Christopher Nicholson in an undated photo.

Christopher Nicholson in an undated photo.

Officer in Abbotsford set up drug deal at target’s home, says OPCC report

Office of Police Complaint Commissioner says information was used to obtain search warrant

An Abbotsford Police officer convicted of breach of trust in 2017 arranged for drugs to be trafficked at a target’s home in order to include that information in an application for a search warrant, according to a report released Tuesday (Dec. 8).

The annual report of the Office of the Police Complaint Commissioner (OPCC) includes details about the criminal investigation into Christopher Nicholson.

The case initially resulted in the OPCC saying it was investigating 17 other officers for 148 allegations of misconduct linked to Nicholson’s case. The number was later reduced to four officers and 15 allegations.

The OPCC annual report – which lists “substantiated allegations” concluded by the agency from April 1, 2019 to March 31, 2020 – lists Nicholson’s investigation as a case study titled “Abuse of police enforcement powers and the use of confidential informants.”

The Abbotsford Police Department (APD) announced in 2013 that Nicholson had been charged with six counts of obstructing justice, three counts of breach of trust and one count of unsafe storage of a firearm.

He pleaded guilty to just one breach of trust charge in late 2017, and was sentenced the following year to a 17-month conditional sentence (served in the community). The remaining charges were stayed.

RELATED: No jail time for Abbotsford cop in breach-of-trust case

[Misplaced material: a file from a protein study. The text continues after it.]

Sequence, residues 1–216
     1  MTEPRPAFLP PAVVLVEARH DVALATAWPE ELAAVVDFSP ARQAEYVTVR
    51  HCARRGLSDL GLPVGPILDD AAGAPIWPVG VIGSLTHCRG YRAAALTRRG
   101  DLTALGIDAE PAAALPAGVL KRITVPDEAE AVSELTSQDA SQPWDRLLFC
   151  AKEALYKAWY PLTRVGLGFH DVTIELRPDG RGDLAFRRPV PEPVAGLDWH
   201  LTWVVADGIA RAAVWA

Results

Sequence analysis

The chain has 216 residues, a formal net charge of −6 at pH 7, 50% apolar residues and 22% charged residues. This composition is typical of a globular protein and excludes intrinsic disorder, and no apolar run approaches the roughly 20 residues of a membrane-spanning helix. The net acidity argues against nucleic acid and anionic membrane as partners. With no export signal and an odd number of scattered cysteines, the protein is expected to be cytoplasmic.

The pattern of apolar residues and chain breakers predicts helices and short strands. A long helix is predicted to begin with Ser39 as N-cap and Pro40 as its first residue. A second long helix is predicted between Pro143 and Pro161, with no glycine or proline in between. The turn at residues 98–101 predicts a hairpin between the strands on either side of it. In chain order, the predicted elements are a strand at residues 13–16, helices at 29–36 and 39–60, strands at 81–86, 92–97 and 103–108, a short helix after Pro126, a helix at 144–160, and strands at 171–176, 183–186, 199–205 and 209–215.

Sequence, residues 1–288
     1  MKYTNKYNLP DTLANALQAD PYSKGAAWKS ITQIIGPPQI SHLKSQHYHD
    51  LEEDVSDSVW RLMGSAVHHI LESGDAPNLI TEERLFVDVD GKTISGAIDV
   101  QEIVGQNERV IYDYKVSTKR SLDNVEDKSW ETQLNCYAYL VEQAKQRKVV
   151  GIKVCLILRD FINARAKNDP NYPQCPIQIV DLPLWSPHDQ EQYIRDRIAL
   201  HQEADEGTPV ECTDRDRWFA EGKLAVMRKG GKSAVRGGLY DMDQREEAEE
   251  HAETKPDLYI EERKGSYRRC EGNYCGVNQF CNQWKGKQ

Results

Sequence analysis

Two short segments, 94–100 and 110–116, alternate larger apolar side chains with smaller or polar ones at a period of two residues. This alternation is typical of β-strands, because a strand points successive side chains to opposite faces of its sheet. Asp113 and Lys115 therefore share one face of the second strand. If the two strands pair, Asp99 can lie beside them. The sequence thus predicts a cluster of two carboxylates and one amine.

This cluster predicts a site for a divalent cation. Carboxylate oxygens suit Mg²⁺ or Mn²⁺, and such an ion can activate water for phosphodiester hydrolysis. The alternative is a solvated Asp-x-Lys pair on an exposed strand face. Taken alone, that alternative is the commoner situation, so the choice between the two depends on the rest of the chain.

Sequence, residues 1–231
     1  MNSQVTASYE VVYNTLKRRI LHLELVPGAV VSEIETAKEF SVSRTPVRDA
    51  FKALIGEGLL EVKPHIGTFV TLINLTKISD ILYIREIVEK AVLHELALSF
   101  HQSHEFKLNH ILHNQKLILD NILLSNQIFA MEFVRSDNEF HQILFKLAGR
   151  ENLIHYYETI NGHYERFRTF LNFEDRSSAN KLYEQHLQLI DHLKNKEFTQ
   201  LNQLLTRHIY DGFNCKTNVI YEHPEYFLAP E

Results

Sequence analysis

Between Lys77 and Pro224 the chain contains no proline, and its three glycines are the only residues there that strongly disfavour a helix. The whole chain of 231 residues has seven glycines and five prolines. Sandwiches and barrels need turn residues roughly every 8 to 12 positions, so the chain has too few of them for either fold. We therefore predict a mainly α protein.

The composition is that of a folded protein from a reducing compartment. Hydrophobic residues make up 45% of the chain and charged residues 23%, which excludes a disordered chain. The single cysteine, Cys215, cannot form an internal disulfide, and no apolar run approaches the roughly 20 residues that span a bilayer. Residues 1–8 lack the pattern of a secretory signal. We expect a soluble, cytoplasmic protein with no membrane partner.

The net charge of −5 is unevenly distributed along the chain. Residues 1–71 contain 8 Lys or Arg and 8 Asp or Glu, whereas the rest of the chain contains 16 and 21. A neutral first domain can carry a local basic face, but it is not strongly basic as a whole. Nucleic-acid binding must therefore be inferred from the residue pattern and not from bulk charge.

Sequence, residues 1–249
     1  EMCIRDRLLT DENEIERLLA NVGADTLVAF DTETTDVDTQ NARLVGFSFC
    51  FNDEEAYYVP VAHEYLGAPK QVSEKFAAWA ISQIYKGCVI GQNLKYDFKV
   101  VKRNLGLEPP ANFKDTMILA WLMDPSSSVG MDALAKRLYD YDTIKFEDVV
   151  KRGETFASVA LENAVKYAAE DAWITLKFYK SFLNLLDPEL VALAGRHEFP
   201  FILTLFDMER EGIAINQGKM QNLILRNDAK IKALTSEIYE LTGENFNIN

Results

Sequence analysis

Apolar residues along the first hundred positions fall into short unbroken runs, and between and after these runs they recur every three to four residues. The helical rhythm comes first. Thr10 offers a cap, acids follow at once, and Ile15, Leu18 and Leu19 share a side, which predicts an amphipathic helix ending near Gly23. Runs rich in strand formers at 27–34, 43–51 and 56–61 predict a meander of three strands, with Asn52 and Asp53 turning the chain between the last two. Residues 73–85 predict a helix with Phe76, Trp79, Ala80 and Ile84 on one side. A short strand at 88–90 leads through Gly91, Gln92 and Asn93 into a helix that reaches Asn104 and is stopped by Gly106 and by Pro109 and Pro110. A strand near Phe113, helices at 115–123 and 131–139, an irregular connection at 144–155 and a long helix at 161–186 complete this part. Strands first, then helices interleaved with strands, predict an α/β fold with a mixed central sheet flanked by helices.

RELATED: 11 Abbotsford Police officers no longer part of OPCC investigation into misconduct

The OPCC’s role is in addition to any criminal repercussions involving municipal police departments.

The agency looks for infractions under the Police Act; officers deemed to have committed wrongdoing face disciplinary measures ranging from a written reprimand to a suspension or firing.

The annual report says the criminal investigation into Nicholson was launched based on “concerns with the integrity of statements sworn or affirmed before judicial officers in which authorizations for search warrants were obtained.”

The report states that Nicholson committed two counts of corrupt practice under the Police Act “for facilitating the trafficking of a controlled substance to a target residence through a confidential source in order to include this interaction in an Information to Obtain (ITO) so a search warrant could be obtained.”

In addition, two search warrants executed at Nicholson’s home following his arrest turned up three loaded firearms in a safe, the report indicates.

The OPCC report states that he was also seen speeding excessively and “committing other driving infractions” while under surveillance by police.

An OPCC hearing into Nicholson’s behaviour was delayed due to court battles involving the protection of confidential informants listed as part of the investigation, but it eventually went ahead in the time period covered in the annual report.

Nicholson was fired from his role as a police officer for four violations under the Police Act: discreditable conduct, corrupt practice, public trust offence and improper use or care of firearms.

In arriving at his decision, OPCC chief officer Dave Jones said Nicholson’s behaviour had “a negative effect on the APD, the criminal justice system and the public confidence.”

Jones said that not only were the allegations serious, but they went “to the very heart of the need for public trust and the support that the police need to maintain when they are entrusted with unique powers and authorities.”

The OPCC report indicates that 42 complaints were registered involving the APD in 2019/20 and nine investigations were ordered.

ALSO READ: Abbotsford Police officer exchanged ‘inappropriate messages,’ says report



vhopes@abbynews.com